Is collecting an idea that has crossed your mind or something you're already into?
We're not talking back issues of GQ or seashells from your last few trips to the beach, but highly valuable items that one day, even tomorrow, could be worth an impressive amount. You may already have a collection growing, or today is day one. No matter where you're at on the collecting curve, if you are into any of these five items, you're on to something. Your hobby could become your retirement fund… and then some!
Comic books can be a gold mineunsplash.com
Turn funny into money by rummaging through your collection of old comic books. The action may be over, but the pages are precious. Rare and vintage comic books can be worth a pretty penny as per Go Banking Rates. "A 1938 copy of Action Comics #1 sold last year for nearly $1 million at a public auction, according to Heritage Auctions." Naturally, not every comic book will yield such a high payout, but it's worth weeding through your childhood favorites to see if any have significant value. Go Banking Rates adds, "Comics with classic covers or first appearances are typically more marketable." If you want to get an estimate of what one of your books may be going for, visit Comics Price Guide for more information.
Your family's heirlooms could be surprisingly valuable unsplash.com
Before you donate Granny's creaky old rocking chair to Goodwill, consider keeping it, and any other chairs, tables, cabinets, and chests she may want to pass down, for that matter. According to Huffington Post, antique furniture could be worth a fortune, and you could literally be sitting on a pile of dough. "Furniture that was once considered classic such as china hutches and roll top desks have fallen out of favor. For collectors and wealth investors, however, there are still major pieces of antique furniture in the market." Need proof? "The Badminton Cabinet built in England in the 18th century fetched $36 million at a Christie's auction in 2004, making it the most expensive piece of antique furniture ever sold." Sadly, your future great-grandkids are not going to appreciate your IKEA bookshelves.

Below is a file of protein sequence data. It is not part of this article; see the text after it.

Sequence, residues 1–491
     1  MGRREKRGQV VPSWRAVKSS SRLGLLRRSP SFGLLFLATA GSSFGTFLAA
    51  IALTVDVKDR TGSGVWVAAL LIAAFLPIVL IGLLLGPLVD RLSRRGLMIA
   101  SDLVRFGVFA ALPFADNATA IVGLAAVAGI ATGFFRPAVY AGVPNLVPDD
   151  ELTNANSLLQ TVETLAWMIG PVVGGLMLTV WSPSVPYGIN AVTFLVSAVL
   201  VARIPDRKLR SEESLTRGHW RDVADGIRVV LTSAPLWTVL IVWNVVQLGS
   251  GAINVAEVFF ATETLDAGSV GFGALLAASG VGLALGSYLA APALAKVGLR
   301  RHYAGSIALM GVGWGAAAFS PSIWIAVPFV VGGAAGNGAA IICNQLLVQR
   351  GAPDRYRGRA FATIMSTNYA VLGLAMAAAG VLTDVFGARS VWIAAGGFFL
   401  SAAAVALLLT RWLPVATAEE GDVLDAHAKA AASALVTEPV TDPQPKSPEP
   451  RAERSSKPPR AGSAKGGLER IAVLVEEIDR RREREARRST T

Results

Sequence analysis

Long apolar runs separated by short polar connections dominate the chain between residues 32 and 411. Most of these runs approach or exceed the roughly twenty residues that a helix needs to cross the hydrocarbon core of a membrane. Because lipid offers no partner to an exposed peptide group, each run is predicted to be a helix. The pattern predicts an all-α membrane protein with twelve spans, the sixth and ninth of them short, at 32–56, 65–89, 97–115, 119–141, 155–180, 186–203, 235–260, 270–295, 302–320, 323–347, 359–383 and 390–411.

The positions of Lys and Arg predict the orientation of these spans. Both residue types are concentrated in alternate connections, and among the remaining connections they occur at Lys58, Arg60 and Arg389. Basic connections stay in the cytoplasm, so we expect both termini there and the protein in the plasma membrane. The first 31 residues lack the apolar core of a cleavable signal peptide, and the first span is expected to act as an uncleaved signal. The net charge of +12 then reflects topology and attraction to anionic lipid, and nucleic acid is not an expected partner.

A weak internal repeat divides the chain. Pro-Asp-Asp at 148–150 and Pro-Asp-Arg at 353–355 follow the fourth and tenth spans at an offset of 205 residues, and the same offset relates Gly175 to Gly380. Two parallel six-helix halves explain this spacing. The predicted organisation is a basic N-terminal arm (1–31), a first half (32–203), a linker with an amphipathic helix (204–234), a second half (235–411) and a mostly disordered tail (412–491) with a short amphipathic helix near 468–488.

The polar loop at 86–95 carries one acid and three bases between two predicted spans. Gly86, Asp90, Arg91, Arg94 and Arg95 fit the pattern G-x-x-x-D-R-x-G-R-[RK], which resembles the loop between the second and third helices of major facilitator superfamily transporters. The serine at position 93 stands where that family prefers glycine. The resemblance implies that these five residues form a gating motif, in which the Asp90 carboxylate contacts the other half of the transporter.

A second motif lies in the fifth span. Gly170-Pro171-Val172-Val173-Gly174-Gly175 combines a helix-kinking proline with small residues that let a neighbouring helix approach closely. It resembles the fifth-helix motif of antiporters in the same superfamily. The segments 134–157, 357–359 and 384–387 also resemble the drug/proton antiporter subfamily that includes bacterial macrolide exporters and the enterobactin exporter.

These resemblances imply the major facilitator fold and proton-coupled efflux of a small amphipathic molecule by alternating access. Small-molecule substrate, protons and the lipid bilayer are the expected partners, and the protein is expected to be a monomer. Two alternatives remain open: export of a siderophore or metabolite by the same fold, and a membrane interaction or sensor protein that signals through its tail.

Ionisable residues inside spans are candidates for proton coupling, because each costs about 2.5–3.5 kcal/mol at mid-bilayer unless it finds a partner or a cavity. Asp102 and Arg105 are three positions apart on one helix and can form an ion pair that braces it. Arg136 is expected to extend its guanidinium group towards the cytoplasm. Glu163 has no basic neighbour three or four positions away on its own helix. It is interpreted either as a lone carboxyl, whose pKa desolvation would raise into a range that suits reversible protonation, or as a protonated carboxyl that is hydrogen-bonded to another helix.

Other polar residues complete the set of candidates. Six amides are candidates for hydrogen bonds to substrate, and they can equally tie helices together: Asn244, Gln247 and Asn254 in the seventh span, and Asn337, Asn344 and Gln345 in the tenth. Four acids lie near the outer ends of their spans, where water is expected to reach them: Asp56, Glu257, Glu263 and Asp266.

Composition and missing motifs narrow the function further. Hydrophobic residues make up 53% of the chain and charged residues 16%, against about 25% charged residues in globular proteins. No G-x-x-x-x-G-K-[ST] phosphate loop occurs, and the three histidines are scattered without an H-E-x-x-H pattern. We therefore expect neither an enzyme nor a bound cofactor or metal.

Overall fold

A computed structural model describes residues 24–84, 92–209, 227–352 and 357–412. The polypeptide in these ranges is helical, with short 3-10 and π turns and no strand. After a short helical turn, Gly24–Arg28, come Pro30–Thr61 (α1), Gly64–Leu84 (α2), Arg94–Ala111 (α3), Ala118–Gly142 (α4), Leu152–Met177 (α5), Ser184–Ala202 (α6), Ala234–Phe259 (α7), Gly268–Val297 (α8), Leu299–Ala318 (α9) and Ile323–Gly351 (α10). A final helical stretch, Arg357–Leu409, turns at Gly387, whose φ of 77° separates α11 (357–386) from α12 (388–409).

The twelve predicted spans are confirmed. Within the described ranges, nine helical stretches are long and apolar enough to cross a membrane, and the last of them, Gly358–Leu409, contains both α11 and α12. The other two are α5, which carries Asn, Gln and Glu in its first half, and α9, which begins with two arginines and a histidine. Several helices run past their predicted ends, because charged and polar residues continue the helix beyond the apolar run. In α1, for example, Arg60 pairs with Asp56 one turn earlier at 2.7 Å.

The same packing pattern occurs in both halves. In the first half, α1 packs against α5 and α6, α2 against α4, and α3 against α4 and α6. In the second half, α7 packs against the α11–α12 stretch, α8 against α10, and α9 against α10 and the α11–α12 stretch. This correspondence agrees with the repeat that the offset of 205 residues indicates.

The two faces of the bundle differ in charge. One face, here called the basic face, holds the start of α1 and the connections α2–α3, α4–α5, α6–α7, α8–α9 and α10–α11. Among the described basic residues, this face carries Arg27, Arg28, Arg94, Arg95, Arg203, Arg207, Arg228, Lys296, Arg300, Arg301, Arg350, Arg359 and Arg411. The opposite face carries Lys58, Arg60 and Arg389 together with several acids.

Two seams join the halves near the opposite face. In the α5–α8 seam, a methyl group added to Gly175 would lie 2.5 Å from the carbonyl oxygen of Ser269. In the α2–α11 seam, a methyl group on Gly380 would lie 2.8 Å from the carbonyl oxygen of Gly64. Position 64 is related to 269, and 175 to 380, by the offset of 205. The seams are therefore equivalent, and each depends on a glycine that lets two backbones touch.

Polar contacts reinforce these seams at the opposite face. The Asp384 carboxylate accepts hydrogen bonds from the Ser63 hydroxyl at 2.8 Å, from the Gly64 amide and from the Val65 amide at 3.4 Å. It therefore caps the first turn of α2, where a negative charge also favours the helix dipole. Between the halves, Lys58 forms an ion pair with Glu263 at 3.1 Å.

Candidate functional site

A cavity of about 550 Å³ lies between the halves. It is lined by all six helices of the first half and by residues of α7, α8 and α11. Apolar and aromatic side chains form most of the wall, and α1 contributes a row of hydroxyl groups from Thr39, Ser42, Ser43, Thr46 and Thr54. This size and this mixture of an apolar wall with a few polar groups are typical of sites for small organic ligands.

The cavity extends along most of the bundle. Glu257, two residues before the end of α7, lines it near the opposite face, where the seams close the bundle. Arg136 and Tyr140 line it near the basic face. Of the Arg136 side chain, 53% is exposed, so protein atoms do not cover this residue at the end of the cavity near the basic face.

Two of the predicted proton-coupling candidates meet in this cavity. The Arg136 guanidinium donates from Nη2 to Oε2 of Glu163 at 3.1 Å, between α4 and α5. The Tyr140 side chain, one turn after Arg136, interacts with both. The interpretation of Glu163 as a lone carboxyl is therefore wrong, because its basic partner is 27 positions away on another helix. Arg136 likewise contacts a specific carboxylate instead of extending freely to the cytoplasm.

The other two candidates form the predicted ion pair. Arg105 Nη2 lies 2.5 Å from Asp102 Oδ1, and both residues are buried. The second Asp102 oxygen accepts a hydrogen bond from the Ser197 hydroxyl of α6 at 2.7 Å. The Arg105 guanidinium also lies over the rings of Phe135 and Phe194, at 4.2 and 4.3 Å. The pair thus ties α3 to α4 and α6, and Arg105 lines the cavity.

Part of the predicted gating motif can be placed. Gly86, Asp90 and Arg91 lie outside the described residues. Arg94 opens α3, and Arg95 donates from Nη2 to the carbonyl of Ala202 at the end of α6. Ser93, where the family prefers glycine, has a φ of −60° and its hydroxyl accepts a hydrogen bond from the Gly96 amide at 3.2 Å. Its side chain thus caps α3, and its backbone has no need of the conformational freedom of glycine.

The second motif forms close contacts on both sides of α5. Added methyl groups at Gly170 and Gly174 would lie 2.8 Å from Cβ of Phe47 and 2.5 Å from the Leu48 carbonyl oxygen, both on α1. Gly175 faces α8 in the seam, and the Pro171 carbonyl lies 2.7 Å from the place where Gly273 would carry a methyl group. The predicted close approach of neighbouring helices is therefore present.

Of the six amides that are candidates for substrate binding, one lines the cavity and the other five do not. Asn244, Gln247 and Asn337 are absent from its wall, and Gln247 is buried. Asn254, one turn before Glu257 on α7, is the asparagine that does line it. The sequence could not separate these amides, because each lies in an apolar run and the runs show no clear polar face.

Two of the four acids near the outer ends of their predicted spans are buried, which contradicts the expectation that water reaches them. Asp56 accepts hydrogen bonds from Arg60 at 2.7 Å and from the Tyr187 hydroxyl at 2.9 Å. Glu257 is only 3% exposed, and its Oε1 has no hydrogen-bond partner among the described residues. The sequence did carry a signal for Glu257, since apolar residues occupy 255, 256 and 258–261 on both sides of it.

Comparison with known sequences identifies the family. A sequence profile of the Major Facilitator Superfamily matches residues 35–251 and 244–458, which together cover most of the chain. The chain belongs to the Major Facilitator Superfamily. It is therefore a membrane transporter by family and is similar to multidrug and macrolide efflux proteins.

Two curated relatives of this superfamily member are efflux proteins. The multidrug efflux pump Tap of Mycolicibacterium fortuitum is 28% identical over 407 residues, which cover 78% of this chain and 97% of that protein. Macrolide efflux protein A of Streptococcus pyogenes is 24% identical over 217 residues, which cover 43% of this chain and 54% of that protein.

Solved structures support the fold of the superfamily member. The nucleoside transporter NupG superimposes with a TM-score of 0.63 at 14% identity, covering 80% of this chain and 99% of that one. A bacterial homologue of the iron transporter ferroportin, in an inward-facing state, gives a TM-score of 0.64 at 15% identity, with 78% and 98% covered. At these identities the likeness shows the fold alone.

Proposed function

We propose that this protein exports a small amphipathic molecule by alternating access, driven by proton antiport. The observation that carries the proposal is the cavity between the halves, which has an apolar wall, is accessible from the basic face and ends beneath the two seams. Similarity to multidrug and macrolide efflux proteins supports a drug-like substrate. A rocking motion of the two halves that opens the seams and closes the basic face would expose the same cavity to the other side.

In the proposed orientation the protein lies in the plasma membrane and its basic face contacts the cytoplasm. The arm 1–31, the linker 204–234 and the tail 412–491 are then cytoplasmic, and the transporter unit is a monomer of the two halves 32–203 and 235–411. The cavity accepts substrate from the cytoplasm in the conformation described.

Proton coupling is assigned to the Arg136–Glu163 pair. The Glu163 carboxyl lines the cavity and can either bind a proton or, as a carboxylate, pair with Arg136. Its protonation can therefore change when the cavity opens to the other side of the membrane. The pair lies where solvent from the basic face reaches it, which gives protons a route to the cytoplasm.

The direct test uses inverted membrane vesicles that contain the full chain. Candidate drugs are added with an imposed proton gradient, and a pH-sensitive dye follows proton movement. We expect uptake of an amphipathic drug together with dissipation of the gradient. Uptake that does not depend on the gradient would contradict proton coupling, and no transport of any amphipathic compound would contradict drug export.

Watches have long been considered a valuable investment unsplash.com
Nowadays, watches are worn more for fashion than function being that we all carry around a smartphone 24/7. But for those who enjoy a fine watch or timepiece, collecting them could mean watching your savings account numbers soar. According to Huffington Post, "Christie's and Sotheby's reported selling half a dozen watches for more than $2 million apiece between June 2012 and June 2013. The most expensive watch ever sold at auction was the Henry Graves "supercomplication" watch by Patek Philippe, which sold for $11 million at a Sotheby's auction." Swiss watches are in the highest demand, so hone in on those if you're serious about scoring big one day. Only time will tell…
Have a stamp collection? Consider keeping it! pixabay.com
These days, stamps could be more relevant than ever. With "snail mail" edging closer and closer to becoming obsolete, stamps will likely one day be a collector's item only. But we're talking about older, rarer stamps that are worth keeping stored safely to prevent deterioration. According to Go Banking Rates, "Stamps are among collectibles that are gaining value. Take, for example, the 'Inverted Jenny' stamp. Only 100 of them exist, according to CNN Money, and one that was valued at $1.6 million was auctioned off last May." A collection could be more valuable than a single stamp, though. "If your collection is organized, it will likely sell for more money," advises Go Banking Rates. Will your collection get the stamp of approval?
Many different vintages hold their value well over time unsplash.com
You may be tempted to drink your cab or pinot with dinner tonight but save those rarer bottles in your cellar and pop open a can of beer instead. Vino can be valuable, and your bottles may bring in big bucks. According to Huffington Post, "While the wine sub-index increased only by 3% last year, it increased by 182% over the decade ending in mid-2013." But which wines are the best to collect? Huffington Post claims, "By far, most investment-grade wine comes from the Bordeaux region of France. However, it was a wine from Burgundy that set a new record. Twelve bottles of 1978 Domaine de la Romanee-Conti were sold for $476,280 at a Christie's auction." For tips on collecting investment-grade wine, read Money Crashers' guide to buying bottles with promise for a payout. Cheers to a wine windfall!
Do you have a collection? Are you in it for fun or fortune?